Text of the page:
• The last movement approach is having my imported static mesh train interior models set to movable and light as if static checked and then make them move along a spline created in UE4 via blueprint. This works but it will need quite complex blueprint work to give authentic results for the train movement. I'm not a programmer and i always prefer a manual/artistic approach over a solution implemented through algorithm when it comes to subtle motion etc. There's one big plus for using blueprint though. This way there's no player or light stuttering. I do have the same problem with static GI vs dynamic lighting as in the previous approach though.

To sum up my findings for the train movement i am somewhat confident to get either the second or the third approach to work. I guess it's a matter of implementation here. Either i get the skeletal, socketed approach to work stutter free, or i manage to create a convincing movement through blueprint.

That brings me to the drawback both those approaches share: the GI lighting :)

Again, i'd love to make use of the super nice indirect lighting / GI i get from using lightmass. The realtime GI solutions are sadly not practicable for me yet so i need to focus on some sort of hack or workaround to use the precalculated lightmaps lightmass provides.

to visualize the prominent issue i currently experience i created this image. sadly, right now, i can't share any of the scene work - so this will have to do for now.

alt text

Just as it is supposed to do, lightmass is calculating the direct light, first bounce, second bounce etc, and combines them all together into a final lightmap after completion. Because with both practicable movement approaches the static mesh is set to movable and "light as if static" ticked, it also casts a dynamic shadow as well. And once the train starts to move around a bend (rotation) the dynamic lights shadow will stray away from the starting position, revealing TWO shadows (see image). This is obviously to be avoided!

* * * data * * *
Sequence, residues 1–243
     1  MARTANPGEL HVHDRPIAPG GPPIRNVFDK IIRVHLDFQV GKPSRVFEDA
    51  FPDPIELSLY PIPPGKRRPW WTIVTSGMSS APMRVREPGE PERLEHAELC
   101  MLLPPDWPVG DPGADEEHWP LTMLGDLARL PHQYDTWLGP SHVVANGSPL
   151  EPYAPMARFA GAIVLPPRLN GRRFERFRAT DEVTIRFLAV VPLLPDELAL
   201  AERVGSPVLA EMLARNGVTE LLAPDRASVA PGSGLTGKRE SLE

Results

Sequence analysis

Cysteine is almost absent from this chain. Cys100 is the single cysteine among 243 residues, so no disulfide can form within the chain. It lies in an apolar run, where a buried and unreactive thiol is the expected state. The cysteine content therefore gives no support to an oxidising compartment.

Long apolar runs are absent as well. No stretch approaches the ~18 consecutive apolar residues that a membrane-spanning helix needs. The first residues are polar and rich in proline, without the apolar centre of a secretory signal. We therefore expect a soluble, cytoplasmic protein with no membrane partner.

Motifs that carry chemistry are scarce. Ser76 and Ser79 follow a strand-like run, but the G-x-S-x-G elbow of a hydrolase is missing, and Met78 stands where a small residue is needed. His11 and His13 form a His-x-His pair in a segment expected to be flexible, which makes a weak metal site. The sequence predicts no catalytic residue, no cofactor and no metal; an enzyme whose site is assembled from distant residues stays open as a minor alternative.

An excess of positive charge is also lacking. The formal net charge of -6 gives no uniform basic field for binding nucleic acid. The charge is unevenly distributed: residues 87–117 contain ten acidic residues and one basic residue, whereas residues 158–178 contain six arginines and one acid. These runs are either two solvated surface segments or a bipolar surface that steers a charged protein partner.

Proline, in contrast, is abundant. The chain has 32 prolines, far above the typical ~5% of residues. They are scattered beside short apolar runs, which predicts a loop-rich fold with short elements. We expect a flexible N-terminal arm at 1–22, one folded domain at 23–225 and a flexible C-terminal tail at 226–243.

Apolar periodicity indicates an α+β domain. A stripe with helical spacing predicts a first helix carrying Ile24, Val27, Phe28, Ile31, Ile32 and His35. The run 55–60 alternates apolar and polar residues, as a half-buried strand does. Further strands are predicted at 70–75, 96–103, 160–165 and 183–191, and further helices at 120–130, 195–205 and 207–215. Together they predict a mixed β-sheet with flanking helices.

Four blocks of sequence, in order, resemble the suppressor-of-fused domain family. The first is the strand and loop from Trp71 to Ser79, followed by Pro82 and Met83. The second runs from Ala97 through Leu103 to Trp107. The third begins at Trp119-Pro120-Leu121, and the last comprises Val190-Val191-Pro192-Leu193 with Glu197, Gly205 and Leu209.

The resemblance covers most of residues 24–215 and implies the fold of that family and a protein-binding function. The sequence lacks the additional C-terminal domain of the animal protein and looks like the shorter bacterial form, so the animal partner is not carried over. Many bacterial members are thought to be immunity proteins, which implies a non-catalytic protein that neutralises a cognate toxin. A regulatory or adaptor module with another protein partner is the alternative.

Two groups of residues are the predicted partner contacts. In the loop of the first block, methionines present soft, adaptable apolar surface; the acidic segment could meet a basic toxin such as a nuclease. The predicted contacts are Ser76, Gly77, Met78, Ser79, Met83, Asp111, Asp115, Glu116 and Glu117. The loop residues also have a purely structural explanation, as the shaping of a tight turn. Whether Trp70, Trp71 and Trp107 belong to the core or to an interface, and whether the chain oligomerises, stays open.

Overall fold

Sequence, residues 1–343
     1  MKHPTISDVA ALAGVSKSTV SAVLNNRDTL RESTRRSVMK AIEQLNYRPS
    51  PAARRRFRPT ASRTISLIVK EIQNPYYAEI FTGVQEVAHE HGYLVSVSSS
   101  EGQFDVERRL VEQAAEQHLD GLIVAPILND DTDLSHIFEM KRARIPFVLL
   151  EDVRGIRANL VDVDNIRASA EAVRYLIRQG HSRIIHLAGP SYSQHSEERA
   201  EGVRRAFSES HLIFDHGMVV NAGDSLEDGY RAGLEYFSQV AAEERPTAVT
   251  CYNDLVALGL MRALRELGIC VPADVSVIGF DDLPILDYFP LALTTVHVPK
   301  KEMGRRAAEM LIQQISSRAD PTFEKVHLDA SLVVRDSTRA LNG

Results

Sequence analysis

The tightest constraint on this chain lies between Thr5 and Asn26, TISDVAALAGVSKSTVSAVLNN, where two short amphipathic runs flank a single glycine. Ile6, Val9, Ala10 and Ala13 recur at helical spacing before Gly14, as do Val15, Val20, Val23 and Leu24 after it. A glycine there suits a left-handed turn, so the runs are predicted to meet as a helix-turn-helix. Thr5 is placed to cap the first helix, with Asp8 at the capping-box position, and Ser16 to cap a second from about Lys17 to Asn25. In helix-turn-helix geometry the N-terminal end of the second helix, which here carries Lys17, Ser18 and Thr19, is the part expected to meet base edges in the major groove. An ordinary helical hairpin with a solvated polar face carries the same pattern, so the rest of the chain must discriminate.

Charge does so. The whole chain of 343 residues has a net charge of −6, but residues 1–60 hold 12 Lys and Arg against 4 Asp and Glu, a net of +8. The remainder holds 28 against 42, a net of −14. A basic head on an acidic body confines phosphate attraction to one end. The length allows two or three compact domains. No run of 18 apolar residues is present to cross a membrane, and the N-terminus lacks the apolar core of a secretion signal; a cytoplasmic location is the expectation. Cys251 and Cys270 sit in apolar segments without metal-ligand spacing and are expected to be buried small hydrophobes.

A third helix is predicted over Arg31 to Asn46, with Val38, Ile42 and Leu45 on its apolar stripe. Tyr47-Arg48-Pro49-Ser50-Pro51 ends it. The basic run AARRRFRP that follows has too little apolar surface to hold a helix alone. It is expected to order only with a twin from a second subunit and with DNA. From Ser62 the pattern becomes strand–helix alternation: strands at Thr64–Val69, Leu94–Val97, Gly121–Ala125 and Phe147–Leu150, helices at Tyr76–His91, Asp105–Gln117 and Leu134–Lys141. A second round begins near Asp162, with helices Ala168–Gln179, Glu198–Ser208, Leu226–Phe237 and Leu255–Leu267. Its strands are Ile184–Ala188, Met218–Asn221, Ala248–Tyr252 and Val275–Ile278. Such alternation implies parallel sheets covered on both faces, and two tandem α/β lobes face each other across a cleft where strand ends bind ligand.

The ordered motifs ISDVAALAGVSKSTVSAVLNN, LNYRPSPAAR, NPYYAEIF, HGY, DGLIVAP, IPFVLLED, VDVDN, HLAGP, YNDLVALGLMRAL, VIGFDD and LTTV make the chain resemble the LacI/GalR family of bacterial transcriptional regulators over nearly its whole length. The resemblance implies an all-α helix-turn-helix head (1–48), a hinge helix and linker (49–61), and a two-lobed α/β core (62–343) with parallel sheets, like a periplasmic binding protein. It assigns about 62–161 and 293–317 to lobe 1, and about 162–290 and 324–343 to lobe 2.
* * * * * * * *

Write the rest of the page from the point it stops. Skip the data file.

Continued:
I find the realtime cascaded shadow of the DIRECT DYNAMIC LIGHT to be visually convincing enough to replace the BAKED IN STATIC LIGHT. To be able to achieve this i need to prevent lightmass from writing the DIRECT LIGHTING into the final lightmap. I understand that Lightmass needs to calculate this direct light to calculate the important Diffuse Interreflection afterwards. Let me illustrate this with the following image.

alt text

As visible in the Lightmass documentation there is an example of the first and second bounce light pass SEPARATED from the direct lighting pass though. So atleast for debug/technical presentation purposes there seems to be a way to extract each separate lighting pass during/after lightmass calculation. What i would like to do is exclude the direct light result from the final lightmass bake result.

What i hope to get in return is a cheap but high quality GI solution that works with limited dynamic light movement. The indirect light reflections (GI) will hold up as long as the dynamic light is only moved in a limited space/directionality (like just a few degrees). The visual result would only break if the dynamic light source would point from or move to completely different positions (like from the opposite side).